Developers who want to bring prominent coffeehouse chain Starbucks to one of Longview’s busiest intersections say they’re talking through issues with the city to keep their plan in motion.
Starbucks’ interest in property at 707 W. Marshall Ave. — a site that has been vacant since Waffle Shoppe Restaurant closed in September 2016 — was confirmed by an email from Fort Worth consulting firm The Woodmont Co. to the city of Longview’s Development Services division.
According to the email from Woodmont Development Associate Sherri Jones, developers want to demolish the vacant building for “a development project” that “will be a new Starbucks.”
Jones asked for service letters confirming that the city would be able to service water and sewer to the location and for the city to approve the use of an existing grease trap at the site.
Longview real estate broker John King Jr. and Grant Gary, president of brokerage services for The Woodmont Co., have spent the past 18 months piecing together a tentative deal in which Starbucks would invest about $2 million into the former Waffle Shoppe Restaurant site on West Marshall Avenue at Spur 63.
The site has been vacant since the restaurant closed in September 2016, but the potential tenant has paused on making an investment until a three-sided billboard at the site is removed, King and Gary have said.
Lamar Advertising owns the billboard and agreed to removing the sign if developers convert three other existing billboards in Longview into digital signs. City staff said that plan would violate the city’s sign ordinance on at least two fronts — a local law that would require six billboard signs be removed if three billboards are built or converted and a local law against digital signs for off-premise advertising.
“We are currently meeting with our consultants and other parties to figure out what we do next,” King said.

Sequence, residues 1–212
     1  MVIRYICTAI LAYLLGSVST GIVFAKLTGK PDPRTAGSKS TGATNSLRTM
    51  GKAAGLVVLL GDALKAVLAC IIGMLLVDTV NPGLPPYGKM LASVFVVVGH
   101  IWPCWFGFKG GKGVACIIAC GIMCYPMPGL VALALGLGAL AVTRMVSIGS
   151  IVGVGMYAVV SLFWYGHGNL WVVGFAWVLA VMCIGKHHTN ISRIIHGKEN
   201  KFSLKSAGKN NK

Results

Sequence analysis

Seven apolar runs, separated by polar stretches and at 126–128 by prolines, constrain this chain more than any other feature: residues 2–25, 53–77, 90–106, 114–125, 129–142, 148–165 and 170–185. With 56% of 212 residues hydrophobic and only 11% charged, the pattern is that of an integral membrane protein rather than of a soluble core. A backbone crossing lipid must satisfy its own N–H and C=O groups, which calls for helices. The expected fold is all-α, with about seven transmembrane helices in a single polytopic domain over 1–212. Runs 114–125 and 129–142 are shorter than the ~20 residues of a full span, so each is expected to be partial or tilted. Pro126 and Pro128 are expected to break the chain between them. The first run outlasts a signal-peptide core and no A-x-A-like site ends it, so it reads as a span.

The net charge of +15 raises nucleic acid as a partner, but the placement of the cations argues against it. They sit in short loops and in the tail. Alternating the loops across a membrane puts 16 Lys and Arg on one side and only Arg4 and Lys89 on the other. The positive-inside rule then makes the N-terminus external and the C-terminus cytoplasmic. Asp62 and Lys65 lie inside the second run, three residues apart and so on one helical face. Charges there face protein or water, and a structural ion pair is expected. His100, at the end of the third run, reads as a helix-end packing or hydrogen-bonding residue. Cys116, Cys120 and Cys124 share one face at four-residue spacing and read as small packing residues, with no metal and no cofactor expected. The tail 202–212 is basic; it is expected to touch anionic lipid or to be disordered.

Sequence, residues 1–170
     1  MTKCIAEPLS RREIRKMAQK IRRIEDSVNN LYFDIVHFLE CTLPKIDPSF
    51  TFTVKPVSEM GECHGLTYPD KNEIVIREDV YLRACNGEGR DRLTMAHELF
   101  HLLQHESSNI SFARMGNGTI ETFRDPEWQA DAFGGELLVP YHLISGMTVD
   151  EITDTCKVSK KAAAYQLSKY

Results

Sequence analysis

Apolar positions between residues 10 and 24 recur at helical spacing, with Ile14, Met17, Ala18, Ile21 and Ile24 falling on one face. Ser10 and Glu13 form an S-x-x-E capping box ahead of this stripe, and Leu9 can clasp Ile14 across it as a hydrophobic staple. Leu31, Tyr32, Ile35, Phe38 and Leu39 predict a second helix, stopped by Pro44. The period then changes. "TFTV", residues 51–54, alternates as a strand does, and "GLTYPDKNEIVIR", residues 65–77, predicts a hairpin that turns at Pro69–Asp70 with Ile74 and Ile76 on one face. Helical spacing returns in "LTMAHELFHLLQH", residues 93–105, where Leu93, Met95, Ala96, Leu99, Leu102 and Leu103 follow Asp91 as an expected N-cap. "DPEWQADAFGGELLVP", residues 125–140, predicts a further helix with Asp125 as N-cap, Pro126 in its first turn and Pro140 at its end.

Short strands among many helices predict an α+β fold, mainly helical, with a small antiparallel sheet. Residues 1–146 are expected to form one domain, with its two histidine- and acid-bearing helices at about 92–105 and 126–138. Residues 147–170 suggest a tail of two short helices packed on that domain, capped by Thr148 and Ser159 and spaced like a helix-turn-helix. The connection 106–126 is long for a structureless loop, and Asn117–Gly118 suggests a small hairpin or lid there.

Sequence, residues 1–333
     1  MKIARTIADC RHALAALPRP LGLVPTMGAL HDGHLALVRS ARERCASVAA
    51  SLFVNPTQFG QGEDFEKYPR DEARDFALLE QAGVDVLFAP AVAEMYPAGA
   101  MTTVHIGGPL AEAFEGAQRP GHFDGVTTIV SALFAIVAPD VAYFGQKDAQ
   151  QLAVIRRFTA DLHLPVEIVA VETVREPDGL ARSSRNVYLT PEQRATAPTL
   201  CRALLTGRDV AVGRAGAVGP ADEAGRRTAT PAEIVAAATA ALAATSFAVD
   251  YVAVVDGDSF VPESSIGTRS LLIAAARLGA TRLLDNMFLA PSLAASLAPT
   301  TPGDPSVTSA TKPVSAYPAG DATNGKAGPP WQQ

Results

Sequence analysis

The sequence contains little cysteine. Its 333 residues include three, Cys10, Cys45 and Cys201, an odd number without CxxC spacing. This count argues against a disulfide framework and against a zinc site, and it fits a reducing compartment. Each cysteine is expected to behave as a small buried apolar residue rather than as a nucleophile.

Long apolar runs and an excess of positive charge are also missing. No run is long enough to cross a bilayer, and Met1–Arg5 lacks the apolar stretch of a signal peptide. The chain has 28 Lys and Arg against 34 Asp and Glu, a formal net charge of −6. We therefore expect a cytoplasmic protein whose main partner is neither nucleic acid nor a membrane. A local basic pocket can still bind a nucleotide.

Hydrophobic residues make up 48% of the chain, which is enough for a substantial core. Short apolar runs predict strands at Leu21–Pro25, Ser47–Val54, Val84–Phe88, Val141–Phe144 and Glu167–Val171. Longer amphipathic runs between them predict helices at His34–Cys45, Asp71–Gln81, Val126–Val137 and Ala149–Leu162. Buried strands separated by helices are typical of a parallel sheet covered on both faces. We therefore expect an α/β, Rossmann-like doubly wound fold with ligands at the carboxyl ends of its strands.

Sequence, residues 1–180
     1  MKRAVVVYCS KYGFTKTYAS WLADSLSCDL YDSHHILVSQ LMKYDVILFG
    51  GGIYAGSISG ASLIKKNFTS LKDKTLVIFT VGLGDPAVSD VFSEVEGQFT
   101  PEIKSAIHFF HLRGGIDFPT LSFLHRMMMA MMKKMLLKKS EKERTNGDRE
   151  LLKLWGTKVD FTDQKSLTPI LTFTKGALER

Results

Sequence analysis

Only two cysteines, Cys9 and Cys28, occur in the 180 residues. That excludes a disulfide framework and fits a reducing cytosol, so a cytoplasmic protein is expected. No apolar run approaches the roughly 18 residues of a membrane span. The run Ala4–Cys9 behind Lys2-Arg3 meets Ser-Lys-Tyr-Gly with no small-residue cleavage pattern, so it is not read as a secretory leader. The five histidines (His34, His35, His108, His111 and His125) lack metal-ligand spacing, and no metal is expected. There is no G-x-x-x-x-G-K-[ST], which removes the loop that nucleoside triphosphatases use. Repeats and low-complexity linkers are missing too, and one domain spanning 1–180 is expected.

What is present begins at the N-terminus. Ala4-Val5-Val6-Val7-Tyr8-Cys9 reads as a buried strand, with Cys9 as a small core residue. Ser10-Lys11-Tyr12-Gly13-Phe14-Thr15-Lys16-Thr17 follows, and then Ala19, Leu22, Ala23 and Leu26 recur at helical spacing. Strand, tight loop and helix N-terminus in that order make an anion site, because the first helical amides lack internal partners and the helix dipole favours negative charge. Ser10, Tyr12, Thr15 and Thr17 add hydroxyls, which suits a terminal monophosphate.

Development Services Director Michael Shirley has met with consultants for the project in the past week about finding ways to make the redevelopment happen while also meeting the spirit of the sign ordinance, he said.
One possibility is a Chapter 380 agreement, Shirley said. The state’s Local Government Code allows cities to offer incentives to promote economic development for commercial and retail projects through Chapter 380 agreements, and he said that such an agreement could help developers and the potential retailer buy out Lamar Advertising’s lease on the tri-billboard.
Longview City Council members entered a Chapter 380 agreement with Saigebrook Development last August when it loaned the Austin developer $600,000 to complete ongoing reconstruction of Alton Plaza at the Petroleum Building downtown.
“The property is obviously devalued because of the billboard, so the property owner needs to assume some of that loss in value, and the developer will” also have to share that financial burden, Shirley said. “The city shouldn’t have to carry the full burden.”
Developers also were told that Mayor Andy Mack and District 6 Councilman Steve Pirtle did not support any attempt to change the sign ordinance, Shirley said.
Shirley encouraged all sides of the potential agreement to “give a little bit and be a partnership” on a project that he said could be a catalyst for development on West Marshall Avenue.
“We want do do everything in our power where they can move forward with it,” Shirley said.